Lemmysuchus obtusidens – Named after Lemmy from Motorhead
On December 28th 2015, the English heavy-metal musician, Lemmy, the founder of Motörhead and doyen of the metal-music genre passed away. Since that day, many scientists who were fans of Lemmy’s music have sought out ways to honour him*. It seems that tracks such as “Bomber”, “Overkill”, “Louie Louie” and the iconic “Ace of Spades” are very popular with academics and scientists from a number of disciplines and this week, hard-drinking, hard-living Lemmy, was honoured by having a particularly nasty Jurassic teleosaurid crocodile named after him. Say hello to Lemmysuchus obtusidens, the newest member of the Teleosauridae, the name means “Lemmy’s blunt-toothed crocodile”.
Dorsal View of the Skull of Lemmysuchus obtusidens
Skull fossil and accompanying line drawing of Lemmysuchus. Scale bar = 10 cm.
Picture Credit: Trustees of the Natural History Museum, London
From a Clay Pit Near Peterborough
The fossil material now assigned to this new genus was excavated in 1909 from a clay pit near the town of Peterborough (Cambridgeshire), several specimens were collected from the Middle Jurassic strata (Callovian faunal stage). It was incorrectly catalogued and assigned to a different species, several cladistic and anatomical reviews later and the blunt-snouted, blunt-toothed teleosaurids have undergone a significant revision and fossil material formerly assigned to Steneosaurus obtusidens has ended up in need of a new taxa hence the establishment of Lemmysuchus within the academic literature.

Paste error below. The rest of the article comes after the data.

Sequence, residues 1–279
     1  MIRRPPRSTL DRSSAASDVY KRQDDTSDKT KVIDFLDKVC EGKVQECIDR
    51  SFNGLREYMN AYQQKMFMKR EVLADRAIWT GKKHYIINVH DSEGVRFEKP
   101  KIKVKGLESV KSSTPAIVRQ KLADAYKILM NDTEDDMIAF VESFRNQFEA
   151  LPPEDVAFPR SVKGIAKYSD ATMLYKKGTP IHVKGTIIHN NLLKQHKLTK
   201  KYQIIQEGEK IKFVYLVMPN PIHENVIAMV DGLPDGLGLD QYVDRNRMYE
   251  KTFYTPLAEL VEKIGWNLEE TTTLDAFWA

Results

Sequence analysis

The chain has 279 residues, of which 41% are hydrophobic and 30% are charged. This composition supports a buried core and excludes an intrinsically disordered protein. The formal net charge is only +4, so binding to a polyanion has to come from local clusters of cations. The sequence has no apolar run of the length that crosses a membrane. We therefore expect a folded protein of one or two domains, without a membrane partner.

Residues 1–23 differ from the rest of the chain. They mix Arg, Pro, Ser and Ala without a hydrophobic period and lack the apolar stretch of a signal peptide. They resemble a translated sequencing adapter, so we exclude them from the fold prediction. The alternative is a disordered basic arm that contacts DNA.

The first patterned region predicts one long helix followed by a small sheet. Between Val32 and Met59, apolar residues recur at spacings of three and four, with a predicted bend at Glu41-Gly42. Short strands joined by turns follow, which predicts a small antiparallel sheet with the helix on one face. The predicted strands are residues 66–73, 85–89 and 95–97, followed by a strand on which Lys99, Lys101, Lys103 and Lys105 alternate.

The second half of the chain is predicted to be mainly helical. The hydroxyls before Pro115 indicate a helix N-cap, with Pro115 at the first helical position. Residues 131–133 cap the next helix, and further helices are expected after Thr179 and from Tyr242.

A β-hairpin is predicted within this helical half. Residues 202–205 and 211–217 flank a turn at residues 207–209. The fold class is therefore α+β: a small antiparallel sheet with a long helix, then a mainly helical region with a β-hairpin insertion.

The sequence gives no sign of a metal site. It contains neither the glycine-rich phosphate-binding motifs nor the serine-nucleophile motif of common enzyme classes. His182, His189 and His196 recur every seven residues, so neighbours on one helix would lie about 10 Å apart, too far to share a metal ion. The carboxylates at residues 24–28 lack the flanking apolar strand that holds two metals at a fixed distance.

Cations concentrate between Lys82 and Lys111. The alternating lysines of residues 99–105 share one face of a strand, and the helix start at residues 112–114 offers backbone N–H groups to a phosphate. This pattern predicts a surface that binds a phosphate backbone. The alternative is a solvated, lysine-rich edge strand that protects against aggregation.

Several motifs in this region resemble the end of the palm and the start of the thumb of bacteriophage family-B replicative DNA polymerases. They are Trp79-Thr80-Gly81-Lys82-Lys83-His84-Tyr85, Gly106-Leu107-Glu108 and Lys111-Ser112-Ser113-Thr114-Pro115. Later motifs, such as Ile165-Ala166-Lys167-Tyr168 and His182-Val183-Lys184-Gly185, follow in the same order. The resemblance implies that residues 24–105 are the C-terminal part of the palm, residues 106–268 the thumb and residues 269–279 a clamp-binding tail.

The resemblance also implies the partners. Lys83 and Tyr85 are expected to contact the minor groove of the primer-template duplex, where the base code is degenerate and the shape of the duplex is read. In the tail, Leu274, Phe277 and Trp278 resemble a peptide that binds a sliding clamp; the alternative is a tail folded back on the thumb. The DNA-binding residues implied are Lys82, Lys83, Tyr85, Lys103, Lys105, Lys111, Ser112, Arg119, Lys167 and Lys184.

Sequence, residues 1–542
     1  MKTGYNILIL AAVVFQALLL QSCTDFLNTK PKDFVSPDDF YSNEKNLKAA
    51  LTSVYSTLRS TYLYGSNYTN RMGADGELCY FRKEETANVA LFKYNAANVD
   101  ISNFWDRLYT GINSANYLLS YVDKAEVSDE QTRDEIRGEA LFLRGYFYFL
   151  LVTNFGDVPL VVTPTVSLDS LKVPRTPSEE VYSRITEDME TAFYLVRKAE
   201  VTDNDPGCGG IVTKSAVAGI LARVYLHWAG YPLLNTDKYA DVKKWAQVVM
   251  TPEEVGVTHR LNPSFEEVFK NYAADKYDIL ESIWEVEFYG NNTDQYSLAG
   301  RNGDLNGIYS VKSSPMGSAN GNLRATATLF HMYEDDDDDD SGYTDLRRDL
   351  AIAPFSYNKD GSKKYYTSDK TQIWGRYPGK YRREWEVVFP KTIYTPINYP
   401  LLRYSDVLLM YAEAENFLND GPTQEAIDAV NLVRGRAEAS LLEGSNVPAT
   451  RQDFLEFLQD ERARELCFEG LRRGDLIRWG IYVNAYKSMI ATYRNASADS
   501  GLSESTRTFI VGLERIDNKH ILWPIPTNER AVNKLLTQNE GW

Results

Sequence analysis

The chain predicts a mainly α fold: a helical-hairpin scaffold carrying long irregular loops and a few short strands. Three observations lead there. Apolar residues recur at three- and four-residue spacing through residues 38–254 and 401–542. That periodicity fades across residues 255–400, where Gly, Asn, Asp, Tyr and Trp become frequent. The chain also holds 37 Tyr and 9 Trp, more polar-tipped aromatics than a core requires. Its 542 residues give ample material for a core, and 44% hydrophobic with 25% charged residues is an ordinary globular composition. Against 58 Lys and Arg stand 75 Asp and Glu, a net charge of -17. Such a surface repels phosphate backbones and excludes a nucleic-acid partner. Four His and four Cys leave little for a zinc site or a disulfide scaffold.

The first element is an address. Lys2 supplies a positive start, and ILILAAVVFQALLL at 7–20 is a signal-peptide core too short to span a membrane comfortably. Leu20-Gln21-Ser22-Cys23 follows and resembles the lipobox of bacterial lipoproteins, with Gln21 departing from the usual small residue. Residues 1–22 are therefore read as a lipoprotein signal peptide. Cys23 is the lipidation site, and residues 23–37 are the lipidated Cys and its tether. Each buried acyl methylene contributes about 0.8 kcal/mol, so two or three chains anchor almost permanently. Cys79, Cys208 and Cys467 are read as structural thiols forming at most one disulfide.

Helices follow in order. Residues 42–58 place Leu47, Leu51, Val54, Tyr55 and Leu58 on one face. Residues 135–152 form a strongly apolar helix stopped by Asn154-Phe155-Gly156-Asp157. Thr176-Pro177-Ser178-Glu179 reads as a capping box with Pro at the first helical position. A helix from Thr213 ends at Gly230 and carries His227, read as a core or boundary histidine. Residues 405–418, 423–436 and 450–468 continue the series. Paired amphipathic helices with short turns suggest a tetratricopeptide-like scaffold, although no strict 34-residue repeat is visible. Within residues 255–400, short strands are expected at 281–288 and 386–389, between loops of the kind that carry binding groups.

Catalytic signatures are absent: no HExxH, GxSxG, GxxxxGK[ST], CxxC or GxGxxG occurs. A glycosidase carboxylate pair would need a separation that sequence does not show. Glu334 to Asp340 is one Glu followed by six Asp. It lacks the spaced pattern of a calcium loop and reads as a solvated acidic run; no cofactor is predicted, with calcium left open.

One of the authors of the scientific paper, which has just been published in the Zoological Journal of the Linnean Society, Michela Johnson (University of Edinburgh), described Lemmysuchus:
“With a metre-long skull and a total length of 5.8 metres, it would have been one of the biggest coastal predators of its time.”
A Close View of the Jaw Showing the Robust Teeth
Part of the jaw of Lemmysuchus showing the robust teeth.
Picture Credit: Trustees of the Natural History Museum, London
Durophagous or Macrophagous Diet
In contrast to several other Middle Jurassic teleosaurids, Lemmysuchus had a broad snout and large, robust teeth, this suggests that this substantial crocodylomorph had a different diet to its relatives. Most teleosaurids were fish-eaters and their jaws, teeth and skulls show adaptations to a piscivorous diet. The jaws of Lemmysuchus indicate that this reptile might have dined on turtles or other hard-shelled creatures such as ammonites. It could have made short work of any small marine reptile carcass that it found, it could even have been an active predator of other marine reptiles.
A Nasty Crocodile from the Middle Jurassic of England
Lemmysuchus obtusidens illustration.
Picture Credit: Mark Witton
Paleoartist Dr Mark Witton has recreated the terrifying world of Lemmysuchus obtusidens. The beautiful reconstruction shows a large Lemmysuchus feeding on a plesiosaur, whilst Rhamphorhynchoid pterosaurs scavenge the remains of an Ichthyosaur that has been washed ashore.
Subtle Nods to Lemmy and to John Martin